The Misfits Evaluation: Renny Harlin’s retrograde, racist, heist film barely qualifies as a film

In the years following the critics and box office failure of the pirate adventure film Cutthroat Island in 1995 – which led to a steady, year-long decline in the US – director Renny Harlin finally traveled to China in the mid-2010s. Harlin felt a lot more accepted there than in the United States, where revenues had plummeted and nominations for the Golden Raspberry Awards were collecting (and it didn’t help that Cutthroat Island had essentially bankrupted an entire studio). After directing the Jackie Chan and Johnny Knoxville film Skiptrace in 2016 – a Chinese co-production – the Finnish filmmaker of successful blockbuster action films like Die Hard 2 and Deep Blue Sea made the move east permanently and even founded his own company in China . His second film after the move, the video game adaptation Legend of the Ancient Sword, didn’t do that hot; the film after that, Bodies at Rest, however, is 80% on Rotten Tomatoes. But his latest film, The Misfits – his first American production since The Legend of Hercules in 2014 – isn’t an 80 percent on Rotten Tomatoes. On the contrary: it feels like a movie adaptation of a stock photos.

The Misfits with Pierce Brosnan and Nick Cannon is airless, senseless and just made passable; an amalgamation of the tiredest clichés of pirated films executed in the most empty of ways. Since it is made by a capable director, there seems to be another reason for making this film. As if it were a cover for something – a money laundering program. It pains me to be so cruel to a movie, but it would be a lot less easy if it weren’t for being extremely racially insensitive as well. The film is based on a script by co-writers Robert Henny and Kurt Wimmer, who seem to be writing as if we were in a very different time, when they put excessive Middle Eastern accents and joked that all Muslim people were called “Mohammed” were “still considered kosher.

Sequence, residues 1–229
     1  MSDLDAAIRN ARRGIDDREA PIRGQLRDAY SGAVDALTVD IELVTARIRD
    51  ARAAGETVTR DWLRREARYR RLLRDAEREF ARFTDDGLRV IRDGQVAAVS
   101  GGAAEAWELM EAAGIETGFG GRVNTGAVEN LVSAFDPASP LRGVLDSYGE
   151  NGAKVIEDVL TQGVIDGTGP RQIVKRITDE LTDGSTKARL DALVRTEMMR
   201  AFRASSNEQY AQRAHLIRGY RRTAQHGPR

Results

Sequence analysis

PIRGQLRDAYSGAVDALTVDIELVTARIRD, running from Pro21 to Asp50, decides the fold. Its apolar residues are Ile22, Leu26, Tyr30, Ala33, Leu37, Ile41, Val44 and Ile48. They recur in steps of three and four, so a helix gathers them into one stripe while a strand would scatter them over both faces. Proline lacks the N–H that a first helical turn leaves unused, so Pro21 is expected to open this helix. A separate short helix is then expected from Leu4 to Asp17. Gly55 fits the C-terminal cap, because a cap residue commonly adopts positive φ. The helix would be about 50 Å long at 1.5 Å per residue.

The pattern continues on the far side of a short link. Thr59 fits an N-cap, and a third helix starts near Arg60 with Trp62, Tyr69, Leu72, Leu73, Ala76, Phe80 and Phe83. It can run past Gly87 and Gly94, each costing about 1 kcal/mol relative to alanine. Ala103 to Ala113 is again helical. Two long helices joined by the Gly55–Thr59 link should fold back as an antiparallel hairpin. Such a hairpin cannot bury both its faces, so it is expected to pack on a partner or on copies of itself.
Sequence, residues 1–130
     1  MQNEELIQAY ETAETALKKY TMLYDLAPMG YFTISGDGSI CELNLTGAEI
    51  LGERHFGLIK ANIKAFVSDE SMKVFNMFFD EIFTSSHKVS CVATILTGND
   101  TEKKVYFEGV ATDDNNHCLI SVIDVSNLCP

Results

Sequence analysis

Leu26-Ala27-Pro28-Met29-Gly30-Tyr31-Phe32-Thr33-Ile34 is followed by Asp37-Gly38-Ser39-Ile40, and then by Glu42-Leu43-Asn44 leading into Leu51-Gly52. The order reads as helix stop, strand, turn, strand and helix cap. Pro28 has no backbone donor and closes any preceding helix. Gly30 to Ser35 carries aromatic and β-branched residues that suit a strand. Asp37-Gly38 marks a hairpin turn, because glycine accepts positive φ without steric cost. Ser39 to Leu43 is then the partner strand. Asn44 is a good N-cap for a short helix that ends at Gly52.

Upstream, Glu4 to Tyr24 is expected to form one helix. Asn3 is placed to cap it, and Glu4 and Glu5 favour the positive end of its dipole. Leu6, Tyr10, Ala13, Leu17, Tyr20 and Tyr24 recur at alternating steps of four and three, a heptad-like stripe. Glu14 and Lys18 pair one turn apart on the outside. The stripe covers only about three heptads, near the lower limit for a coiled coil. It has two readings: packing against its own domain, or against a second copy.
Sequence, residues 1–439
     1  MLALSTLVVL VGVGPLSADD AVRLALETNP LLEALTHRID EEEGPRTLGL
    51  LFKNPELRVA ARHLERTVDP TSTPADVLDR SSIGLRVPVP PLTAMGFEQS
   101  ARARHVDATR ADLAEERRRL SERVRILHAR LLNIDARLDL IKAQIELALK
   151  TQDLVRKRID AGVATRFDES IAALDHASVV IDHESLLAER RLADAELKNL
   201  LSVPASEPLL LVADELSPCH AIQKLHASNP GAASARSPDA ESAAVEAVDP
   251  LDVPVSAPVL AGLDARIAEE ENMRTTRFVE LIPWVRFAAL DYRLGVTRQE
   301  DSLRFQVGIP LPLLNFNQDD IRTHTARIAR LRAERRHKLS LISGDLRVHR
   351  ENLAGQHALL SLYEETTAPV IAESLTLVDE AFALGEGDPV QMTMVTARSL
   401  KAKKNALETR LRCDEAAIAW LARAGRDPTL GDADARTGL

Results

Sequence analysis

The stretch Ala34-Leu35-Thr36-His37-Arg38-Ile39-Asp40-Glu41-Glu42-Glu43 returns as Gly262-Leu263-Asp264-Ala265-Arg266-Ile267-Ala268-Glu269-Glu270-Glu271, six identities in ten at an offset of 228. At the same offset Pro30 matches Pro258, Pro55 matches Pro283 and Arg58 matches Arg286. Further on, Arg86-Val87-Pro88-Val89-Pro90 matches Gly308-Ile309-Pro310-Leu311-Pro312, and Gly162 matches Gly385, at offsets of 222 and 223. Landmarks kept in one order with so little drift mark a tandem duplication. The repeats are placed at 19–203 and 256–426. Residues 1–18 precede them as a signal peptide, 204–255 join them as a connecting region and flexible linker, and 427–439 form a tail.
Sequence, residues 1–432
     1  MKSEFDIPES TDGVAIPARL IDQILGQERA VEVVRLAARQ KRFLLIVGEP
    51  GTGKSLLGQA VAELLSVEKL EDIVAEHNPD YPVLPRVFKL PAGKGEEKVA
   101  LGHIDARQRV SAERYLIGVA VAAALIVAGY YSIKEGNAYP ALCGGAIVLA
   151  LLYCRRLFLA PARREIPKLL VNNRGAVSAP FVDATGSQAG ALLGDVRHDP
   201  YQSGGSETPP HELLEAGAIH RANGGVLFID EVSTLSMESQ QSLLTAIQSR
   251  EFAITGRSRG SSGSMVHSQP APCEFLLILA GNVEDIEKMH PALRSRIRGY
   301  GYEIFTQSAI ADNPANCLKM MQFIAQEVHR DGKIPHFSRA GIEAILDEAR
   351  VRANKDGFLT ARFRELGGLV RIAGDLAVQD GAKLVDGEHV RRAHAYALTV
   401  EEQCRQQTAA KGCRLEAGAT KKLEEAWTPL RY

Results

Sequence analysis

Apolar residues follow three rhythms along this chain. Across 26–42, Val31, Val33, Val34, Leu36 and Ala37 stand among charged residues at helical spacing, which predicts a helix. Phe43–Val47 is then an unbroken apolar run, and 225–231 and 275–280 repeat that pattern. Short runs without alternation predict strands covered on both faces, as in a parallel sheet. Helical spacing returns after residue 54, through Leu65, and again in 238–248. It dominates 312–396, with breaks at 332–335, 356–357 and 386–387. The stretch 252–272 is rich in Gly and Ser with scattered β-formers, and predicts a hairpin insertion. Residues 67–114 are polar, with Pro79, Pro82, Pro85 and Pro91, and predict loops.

The plot of the film follows an unorthodox gang of criminals known as Misfits … but that name only resonates with the group’s leader, Ringo (Cannon), who goes to great lengths to explain the others during the seven-minute introductory narrative Members of the team do not necessarily agree with this name. The Misfits – which include, in addition to Ringo, the ass-kicking girl power broad Violet (Jamie Chung) and the pyrotechnic wick (Mike Angelo) – join a master thief named Richard Pace (Brosnan, who looks hot). Pace recently escaped from a prison, one of many run by a man named Schultz (Tim Roth, also hot looking) who does business with an extremist group called the Muslim Brotherhood. The Misfits plan to work with Pace to steal the gold that is currently being hoarded by Schultz and the Muslim Brotherhood in one of Schultz’s prisons in the Middle East. Not so that they can absolutely keep the gold for themselves, but to get it out of the hands of terrorists. It felt like we left this kind of storyline of “Righteous Westerners versus Evil Muslim Terrorists” to the annals of the past where it belongs, but The Misfits either want to bring back the good old days or it doesn’t matter what it does or what Message that it sends one way or another.